Here’s the difference between DC Comics and Marvel. When Marvel Comics wants attention, it put together a summer blockbuster series of comics (Avengers vs. X-Men, Skrull Invasion, Civil War, etc.) based on epic storylines and kick-ass fights. These stories are largely hit or miss and obvious money grabs, but they’re at least mostly based on logical story progression and character development. They also from time to time release a movie that breaks every single record and makes people want to buy the comics. It’s worked out so far.
On the other hand, DC Comics goes all in on short-sighted attention-whoring publicity stunts that don’t make much sense. Remember in the early 90s when they said, “hey, let’s kill Batman and Superman for the f*ck of it” or “let’s bring in a world-renowned writer for a big crossover centered around rape.” Or when they just decided to have the whole roster of heroes lose their powers for a couple of shitty months. Or when Superman changed his suit to make him a glorified laser pointer for a few months. Or most recently when the company decided to erase 70 years of history and start every character over from scratch even though the Batman franchise was in the middle of a hot run of creative excellence.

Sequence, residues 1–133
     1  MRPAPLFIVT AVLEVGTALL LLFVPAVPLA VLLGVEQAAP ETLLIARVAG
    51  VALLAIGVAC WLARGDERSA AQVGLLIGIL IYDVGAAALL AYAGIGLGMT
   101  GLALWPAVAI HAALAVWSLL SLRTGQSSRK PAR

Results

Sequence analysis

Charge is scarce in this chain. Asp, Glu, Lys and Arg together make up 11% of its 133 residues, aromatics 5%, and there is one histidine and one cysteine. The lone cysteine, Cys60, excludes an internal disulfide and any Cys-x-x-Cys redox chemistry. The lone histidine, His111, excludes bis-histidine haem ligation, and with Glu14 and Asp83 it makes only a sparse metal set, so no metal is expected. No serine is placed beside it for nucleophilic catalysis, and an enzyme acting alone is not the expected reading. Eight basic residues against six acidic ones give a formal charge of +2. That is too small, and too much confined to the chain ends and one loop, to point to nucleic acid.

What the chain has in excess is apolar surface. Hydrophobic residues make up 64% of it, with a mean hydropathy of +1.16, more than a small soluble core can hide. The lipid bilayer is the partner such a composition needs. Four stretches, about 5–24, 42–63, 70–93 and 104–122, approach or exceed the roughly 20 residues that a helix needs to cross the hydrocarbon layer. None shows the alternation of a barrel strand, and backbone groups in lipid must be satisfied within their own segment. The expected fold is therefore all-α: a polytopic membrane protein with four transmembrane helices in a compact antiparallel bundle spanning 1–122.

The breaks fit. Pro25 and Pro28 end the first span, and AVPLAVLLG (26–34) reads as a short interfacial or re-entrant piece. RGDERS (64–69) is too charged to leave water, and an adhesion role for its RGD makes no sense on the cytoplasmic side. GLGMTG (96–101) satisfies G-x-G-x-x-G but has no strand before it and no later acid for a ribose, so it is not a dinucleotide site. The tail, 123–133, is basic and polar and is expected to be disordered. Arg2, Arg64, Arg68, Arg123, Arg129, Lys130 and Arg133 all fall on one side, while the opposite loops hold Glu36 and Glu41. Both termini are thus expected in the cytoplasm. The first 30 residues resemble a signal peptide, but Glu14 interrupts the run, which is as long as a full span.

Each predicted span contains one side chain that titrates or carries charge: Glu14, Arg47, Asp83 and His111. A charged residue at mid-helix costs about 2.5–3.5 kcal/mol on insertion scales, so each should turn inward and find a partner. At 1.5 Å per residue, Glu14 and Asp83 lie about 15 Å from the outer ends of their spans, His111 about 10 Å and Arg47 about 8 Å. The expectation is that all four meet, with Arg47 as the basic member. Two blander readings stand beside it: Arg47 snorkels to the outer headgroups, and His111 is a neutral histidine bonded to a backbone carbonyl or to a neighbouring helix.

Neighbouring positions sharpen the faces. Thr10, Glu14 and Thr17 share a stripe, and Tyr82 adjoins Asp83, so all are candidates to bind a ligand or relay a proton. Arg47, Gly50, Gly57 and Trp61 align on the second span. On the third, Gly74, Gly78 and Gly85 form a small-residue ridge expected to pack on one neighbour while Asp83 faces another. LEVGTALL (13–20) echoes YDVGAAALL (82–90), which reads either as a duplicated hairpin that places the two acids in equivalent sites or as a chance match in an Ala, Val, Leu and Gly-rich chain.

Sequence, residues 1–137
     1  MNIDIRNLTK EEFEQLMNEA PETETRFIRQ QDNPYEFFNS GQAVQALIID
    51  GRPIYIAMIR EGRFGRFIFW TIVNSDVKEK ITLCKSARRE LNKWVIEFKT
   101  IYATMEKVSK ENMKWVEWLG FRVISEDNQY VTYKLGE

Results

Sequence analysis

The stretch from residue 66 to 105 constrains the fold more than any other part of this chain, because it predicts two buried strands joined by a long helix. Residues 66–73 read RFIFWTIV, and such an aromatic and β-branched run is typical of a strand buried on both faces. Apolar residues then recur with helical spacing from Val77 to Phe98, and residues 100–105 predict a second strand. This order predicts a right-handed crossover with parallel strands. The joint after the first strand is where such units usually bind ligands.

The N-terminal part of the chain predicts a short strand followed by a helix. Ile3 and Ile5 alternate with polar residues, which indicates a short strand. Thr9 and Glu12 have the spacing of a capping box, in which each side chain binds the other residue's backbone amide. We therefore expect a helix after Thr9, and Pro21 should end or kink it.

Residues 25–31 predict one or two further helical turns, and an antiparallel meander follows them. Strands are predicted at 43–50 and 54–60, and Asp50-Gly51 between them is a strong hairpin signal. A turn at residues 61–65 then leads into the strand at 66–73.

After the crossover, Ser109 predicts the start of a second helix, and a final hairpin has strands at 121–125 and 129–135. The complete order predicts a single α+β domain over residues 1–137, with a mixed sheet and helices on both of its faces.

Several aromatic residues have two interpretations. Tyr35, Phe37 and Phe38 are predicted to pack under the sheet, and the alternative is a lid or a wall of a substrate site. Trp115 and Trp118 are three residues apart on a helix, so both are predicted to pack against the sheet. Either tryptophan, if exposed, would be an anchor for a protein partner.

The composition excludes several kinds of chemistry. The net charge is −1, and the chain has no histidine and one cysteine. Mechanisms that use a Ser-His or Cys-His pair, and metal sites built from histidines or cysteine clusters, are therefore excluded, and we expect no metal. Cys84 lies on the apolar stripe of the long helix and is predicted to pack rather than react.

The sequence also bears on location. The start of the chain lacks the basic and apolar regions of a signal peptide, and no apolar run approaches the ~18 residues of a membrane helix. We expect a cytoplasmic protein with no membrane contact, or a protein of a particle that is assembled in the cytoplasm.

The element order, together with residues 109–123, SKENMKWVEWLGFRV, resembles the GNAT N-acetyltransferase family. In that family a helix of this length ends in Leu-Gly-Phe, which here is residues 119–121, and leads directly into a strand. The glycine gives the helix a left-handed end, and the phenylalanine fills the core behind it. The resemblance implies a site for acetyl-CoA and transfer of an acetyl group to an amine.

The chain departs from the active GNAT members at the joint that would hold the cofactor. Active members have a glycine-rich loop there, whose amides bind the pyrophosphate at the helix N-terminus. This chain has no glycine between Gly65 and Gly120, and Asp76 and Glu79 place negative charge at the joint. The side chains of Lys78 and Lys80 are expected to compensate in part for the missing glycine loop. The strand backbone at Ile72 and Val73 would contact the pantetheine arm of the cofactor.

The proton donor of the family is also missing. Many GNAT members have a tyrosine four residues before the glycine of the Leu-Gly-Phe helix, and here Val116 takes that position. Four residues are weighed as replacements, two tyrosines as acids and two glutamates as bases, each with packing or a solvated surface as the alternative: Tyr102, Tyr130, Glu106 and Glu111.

All of these publicity stunts came with PR releases that were basically “look at us, we’re cutting edge and we changed things!” Just when the New 52 revamp was gaining steam for its stellar writing (Batman is still a great series), DC goes ahead and pulls this obvious cry for attention: Green Lantern is gay everybody. As part of recreating its characters from scratch, Alan Scott, the Green Lantern from Earth-2 (don’t even f*cking ask) kisses a guy.
Contrary to DC pretending that it’s being cutting edge, there are a multitude of gay characters in super-hero comics. Midnighter and Apollo, two of my favorite characters from Authority, are lovers. Batwoman is a lesbian. Marvel’s Northstar is marrying his boyfriend in May – a topic that people in 2012 actually still care about.
DC, though, knows that these characters aren’t going to get mainstream attention for coming out. So instead of just building up a character from scratch or use actual plot development, they just slap some gay on one of the trademark characters in order to get some publicity.
Obviously, the issue here isn’t that comic books are utilizing homosexual characters. It’s been a long time since “oooh he’s a gay character” has been in the middle of any sort of controversy. The issue is that DC Comics is using homosexuality as nothing but a gimmick to get attention to its brand. It’s outdated and desperate, which is odd for a company kicking ass in sales since the New 52 started.
See you guys in 2013 when Wonder Woman gets an abortion.